The best account of the life of Davila is that by Apostolo Zeno, prefixed to an edition of the history printed at Venice in 2 vols.
18) to Zeno, the son of the king of Pontus (Tac. Ann.
At Pavia the barbarian conquerors of Italy proclaimed him king, and he received from Zeno the dignity of Roman patrician.
In 488 Theodoric, king of the East Goths, received commission from the Greek emperor, Zeno, to undertake the affairs of Italy.
The story of two Venetians, Nicolo and Antonio Zeno, who gave a vague account of voyages in the northern seas in the end of the 13th century, is no longer to be accepted as history.
Zeno, a Madonna and angels, with four saints on each side.
The leading earlier Cynics were Antisthenes, Diogenes of Sinope, Crates of Thebes, and Zeno; in the later Roman period, the chief names are Demetrius (the friend of Seneca), Oenomaus and Demonax.
Zeno was a pupil of Crates, from whom he learned the moral worth of self-control and indifference to sensual indulgence.
In this way the mosaics of the two arches of the atrium and those of the Zeno chapel were cleaned and preserved.
It is related of Anthemius that, having a quarrel with his next-door neighbour Zeno, he annoyed him in two ways.
First, he made a number of leathern tubes the ends of which he contrived to fix among the joists and flooring of a fine upper-room in which Zeno entertained his friends, and then subjected it to a miniature earthquake by sending steam through the tubes.
See further the articles on Xenophanes; Parmenides; Zeno (of Elea); Melissus, with the works there quoted; also the histories of philosophy by Zeller, Gomperz, Windelband, &c.
Antigonus Gonatas, bluff soldier-spirit that he was, heard the Stoic philosophers gladly, and, though he failed to induce Zeno to come to Macedonia, persuaded Zeno's disciple, Persaeus of Citium, to enter his service.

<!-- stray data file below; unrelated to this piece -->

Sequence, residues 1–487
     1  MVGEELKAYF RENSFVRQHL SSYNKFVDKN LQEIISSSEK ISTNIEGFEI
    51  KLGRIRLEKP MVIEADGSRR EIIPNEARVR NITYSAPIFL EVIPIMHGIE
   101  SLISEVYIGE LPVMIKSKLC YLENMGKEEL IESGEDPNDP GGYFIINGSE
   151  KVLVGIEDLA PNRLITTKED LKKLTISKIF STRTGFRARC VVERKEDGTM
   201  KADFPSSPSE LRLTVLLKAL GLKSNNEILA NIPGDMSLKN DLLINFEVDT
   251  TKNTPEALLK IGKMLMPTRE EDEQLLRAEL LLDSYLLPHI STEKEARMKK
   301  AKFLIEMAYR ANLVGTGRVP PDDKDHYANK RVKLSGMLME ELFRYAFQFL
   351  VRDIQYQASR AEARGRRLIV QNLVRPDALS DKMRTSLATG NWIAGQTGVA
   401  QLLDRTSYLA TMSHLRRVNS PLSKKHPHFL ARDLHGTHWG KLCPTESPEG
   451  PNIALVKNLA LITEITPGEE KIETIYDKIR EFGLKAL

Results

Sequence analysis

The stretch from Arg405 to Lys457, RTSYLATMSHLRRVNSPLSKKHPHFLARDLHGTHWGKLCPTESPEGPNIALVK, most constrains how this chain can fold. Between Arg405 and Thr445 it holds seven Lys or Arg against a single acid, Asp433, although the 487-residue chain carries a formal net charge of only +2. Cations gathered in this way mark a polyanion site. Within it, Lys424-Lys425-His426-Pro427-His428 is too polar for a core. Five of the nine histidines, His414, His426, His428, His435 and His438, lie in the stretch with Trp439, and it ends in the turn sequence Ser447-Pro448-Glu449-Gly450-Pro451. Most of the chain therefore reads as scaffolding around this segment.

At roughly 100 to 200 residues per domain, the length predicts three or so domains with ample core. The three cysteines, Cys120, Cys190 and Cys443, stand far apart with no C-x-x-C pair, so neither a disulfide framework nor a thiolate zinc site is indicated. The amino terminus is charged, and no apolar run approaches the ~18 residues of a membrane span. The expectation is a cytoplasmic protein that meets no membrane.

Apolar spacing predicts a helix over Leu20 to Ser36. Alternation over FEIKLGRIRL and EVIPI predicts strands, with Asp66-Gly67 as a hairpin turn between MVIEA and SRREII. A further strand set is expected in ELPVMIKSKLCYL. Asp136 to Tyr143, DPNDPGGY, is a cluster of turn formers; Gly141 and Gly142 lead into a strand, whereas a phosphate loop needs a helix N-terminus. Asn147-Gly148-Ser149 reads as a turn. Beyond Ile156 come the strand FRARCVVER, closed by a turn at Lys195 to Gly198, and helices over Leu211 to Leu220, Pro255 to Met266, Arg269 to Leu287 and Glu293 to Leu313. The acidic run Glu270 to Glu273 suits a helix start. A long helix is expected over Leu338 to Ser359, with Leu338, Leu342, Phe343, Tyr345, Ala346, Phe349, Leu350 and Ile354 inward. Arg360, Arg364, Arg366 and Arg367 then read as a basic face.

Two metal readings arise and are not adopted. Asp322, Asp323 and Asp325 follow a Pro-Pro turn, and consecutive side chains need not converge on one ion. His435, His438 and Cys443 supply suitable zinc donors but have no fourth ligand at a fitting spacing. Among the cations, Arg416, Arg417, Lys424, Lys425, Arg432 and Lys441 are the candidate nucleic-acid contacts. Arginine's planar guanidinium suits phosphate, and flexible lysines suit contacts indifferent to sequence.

The short reign of Basiliscus (474-476) favoured the Monophysites, but the restoration of the rightful emperor Zeno marked an attempt at conciliation.
On the advice of Acacius, the energetic patriarch of Constantinople, Zeno issued the Henotikon edict (482), in which Nestorius and Eutyches were condemned, the twelve chapters of Cyril accepted, and the Chalcedon Definition ignored.
By a treaty concluded in 476, the emperor Zeno recognized Genseric as master of all Africa.
ZENO OF SIDON, Epicurean philosopher of the first century B.C., and contemporary of Cicero.
Zeno Of Tarsus >>
The Persian school continued to exist for another 32 years, but was finally closed and destroyed by order of the emperor Zeno in 489.
The narrative was first printed at Pesaro in 1513, in what Apostolo Zeno calls lingua inculta e rozza.
474) was punished by the emperor Zeno, who gave Gerizim to the Christians.
Zeno (an early bishop of Verona who became its patron saint), which stands outside the ancient city, is one.
Zeno, rebuilt in 1123, are an interesting example of brick and marble construction.
Zeno is mainly built of mixed brick and stone in alternate bands: four or five courses of fine red brick lie between bands of hard creamcoloured limestone or marble, forming broad stripes of red and white all over the wall.